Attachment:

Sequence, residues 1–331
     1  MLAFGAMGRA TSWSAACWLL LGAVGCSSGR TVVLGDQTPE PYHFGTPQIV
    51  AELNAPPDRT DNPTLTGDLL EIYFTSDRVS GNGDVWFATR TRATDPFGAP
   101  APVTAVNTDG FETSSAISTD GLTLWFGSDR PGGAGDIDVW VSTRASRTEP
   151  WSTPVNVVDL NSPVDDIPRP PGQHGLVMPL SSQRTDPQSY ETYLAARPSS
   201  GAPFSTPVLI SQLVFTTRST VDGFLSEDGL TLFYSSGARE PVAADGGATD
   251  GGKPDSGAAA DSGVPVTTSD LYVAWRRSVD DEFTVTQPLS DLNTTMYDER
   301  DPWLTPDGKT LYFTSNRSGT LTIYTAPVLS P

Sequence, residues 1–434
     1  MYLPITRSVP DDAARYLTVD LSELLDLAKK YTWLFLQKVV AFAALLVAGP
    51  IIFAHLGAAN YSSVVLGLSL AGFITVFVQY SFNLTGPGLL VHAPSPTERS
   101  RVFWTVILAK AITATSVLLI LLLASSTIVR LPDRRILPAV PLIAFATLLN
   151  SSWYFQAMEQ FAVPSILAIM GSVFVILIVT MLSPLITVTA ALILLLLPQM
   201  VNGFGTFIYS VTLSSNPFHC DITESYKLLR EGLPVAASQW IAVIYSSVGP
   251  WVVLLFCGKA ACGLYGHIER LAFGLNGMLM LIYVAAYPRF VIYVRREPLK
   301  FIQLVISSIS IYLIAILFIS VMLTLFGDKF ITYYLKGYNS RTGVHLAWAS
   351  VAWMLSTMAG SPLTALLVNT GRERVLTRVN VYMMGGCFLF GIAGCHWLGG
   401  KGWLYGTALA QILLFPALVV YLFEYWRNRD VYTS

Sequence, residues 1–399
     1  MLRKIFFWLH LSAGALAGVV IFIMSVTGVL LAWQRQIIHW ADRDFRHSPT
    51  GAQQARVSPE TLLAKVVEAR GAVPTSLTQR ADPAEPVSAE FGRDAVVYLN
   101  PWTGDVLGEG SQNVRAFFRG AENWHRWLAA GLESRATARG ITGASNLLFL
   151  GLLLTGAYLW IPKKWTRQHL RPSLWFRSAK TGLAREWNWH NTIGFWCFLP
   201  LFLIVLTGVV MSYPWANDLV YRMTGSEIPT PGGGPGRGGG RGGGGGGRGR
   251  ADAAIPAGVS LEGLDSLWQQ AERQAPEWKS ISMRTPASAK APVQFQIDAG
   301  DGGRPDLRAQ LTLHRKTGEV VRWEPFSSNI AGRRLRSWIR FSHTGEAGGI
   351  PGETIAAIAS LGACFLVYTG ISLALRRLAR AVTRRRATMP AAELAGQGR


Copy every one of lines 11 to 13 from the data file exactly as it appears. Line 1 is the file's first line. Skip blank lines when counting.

    51  IIFAHLGAAN YSSVVLGLSL AGFITVFVQY SFNLTGPGLL VHAPSPTERS
   101  RVFWTVILAK AITATSVLLI LLLASSTIVR LPDRRILPAV PLIAFATLLN
   151  SSWYFQAMEQ FAVPSILAIM GSVFVILIVT MLSPLITVTA ALILLLLPQM